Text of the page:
Radiation dose to the patient
ALTHOUGH CORRECT STILL TOO GENERAL REALLY. THIS TOPIC WAS ABOUT DOSES ABOUT GAMMA RADIATION IN MEDICINE - AS DISCUSSED YOU SHOULD HAVE INCLUDED PATIENT DOSES IN NUCLEAR MEDICINE NOT CT.
Introduction[edit | edit source]
In nuclear medicine gamma emitting radioisotopes (radiopharmaceuticals) are used to retrieve patient information by medical imaging when determining diagnosis. Radiation dose is measured in many ways dependent on different factors that have to be taken into account because of the risk of damage, both acute and long-term, caused to the patient by exposing them to any dose of radiation.
Importance in clinical medicine[edit | edit source]
By imaging the body’s metabolic functions with a radiopharmaceutical, nuclear medicine is not only much more detailed but also less harmful since small doses are used. Although the patient feels no pain from radiation, any dose may expose the patient to risk of e.g. cancer induction. The goal for physicians is to find an optimal dose to the patient. The optimal dose is the smallest amount of radiation given to the patient that still provides the best possible image to determine the right diagnosis. When the risk of hurting the patient is greater than contributing to diagnosis determination the physician must consider different techniques. The radiation dose must never do more harm than help.
Radiation dose[edit | edit source]
The amount of radiopharmaceutical given to patients depends on the organs chemical properties and what type of dysfunction the patient is suffering from. Parameters such as the radiopharmaceuticals distribution, interaction and rate of decay in the body must be taken into consideration. The right amount of gamma rays must be emitted for detection as well as the imaging must be done before the radio-nucleotide decays and leaves the patients body.
The units [edit | edit source]
Absorbed dose, DT, has the unit Gray (Gy). This measures how much radiation that is required for 1 Joule to be absorbed by 1 kg of matter. However this is a physical quantity. For the impact of ionizing radiation biological tissue we need another unit which is called equivalent dose, HT, measured in Sievert (Sv). This is derived by multiplying the absorbed dose, DT, with a radiation weighing factor, WR, based on the type of radiation (particles do different amount of damage when absorbed).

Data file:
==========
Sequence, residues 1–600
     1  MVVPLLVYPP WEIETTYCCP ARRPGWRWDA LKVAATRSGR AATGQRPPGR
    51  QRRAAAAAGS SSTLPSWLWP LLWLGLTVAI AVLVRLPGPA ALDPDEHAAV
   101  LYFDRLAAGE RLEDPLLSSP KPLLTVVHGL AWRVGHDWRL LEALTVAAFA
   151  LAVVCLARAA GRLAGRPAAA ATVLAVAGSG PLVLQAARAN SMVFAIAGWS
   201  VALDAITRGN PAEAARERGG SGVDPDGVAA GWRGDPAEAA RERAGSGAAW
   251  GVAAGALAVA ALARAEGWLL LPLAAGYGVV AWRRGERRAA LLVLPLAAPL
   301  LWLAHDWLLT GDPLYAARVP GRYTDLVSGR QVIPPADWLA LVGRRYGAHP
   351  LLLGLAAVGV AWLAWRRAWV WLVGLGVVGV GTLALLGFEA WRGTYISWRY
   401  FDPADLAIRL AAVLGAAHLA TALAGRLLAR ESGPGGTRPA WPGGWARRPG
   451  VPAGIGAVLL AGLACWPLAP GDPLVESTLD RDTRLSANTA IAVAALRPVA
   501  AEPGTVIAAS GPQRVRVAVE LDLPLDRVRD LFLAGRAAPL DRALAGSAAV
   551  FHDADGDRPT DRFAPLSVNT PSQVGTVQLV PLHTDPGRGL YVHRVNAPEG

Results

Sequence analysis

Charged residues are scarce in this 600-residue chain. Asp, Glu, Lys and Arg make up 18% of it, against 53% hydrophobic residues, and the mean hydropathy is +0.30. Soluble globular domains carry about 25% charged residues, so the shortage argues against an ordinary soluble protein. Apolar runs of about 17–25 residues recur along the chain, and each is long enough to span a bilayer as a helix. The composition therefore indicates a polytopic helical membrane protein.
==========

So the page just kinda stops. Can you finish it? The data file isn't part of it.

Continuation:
DT x WR = Equivalent dose, HT
All tissues are not equally radiosensitive. The sensitivity is related to rate of cell-division, e.g. bone marrow and skin is very sensitive to low doses while bones and mature cartilage is not. By using a tissue weighing factor WT, based on each tissues radiation-sensitivity we derive the effective dose, also measured in Sievert.
WT x HT = Effective dose, E
Effective dose, is for estimating the general long-term “over-all” effect on the whole body. This is only a calculated unit giving the probability/risk of long term effects patients might suffer, e.g. risk of secondary cancer or genetic damage.
Table of examination examples[edit | edit source]
(For reference: Amount of background –radiation individuals are exposed to is 3 mSv/Year.)
- Effective Doses for Adults from Various Nuclear Medicine Examinations.
Tc-99 and Flourine-18 are the most common radioisotopes used for diagnostic purposes. The unit Becquerel is used, expressed in MBq, as a measurement of the radioactive isotope decay.
- Fred A. Mettler
Only for direct use at WikiLectures.eu site.
Conclusion.[edit | edit source]
The challenge is to find the optimal dose for each patient. Nuclear medicine provides the most harmless imaging technique for patients today. However radiation is still harmful and all parameters must be weighed in by physicians before a procedure and dose is determined to assure the patients the best possible and most harmless care.
References[edit | edit source]
WIKIPEDIA,. Doses [online]. [cit. 2015-12-16]. <https://en.wikipedia.org/wiki/Nuclear_medicine>.
WORLD NUCLEAR ASSOCIATION,. Radioisotopes in medicine [online]. [cit. 2015-12-16]. <http://www.world-nuclear.org/info/non-power-nuclear-applications/radioisotopes/radioisotopes-in-medicine/>.
FAHEY , DSC, Frederic. Appropriate use of effective dose [online]. [cit. 2015-11-16]. <http://www.imagewisely.org/~/media/ImageWisely%20Files/NucMed/Appropriate%20Use%20of%20Effective%20Dose%20and%20Organ%20Dose%20in%20Nuclear%20Medicine.pdf>.
SNMMI, Society of nuclear medicine and molecular imaging. Statement, June 2012 [online]. [cit. 2015-12-16]. <http://snmmi.files.cms-plus.com/docs/SNM_Position_Statement_on_Dose_Optimization_FINAL_June_2012.pdf>.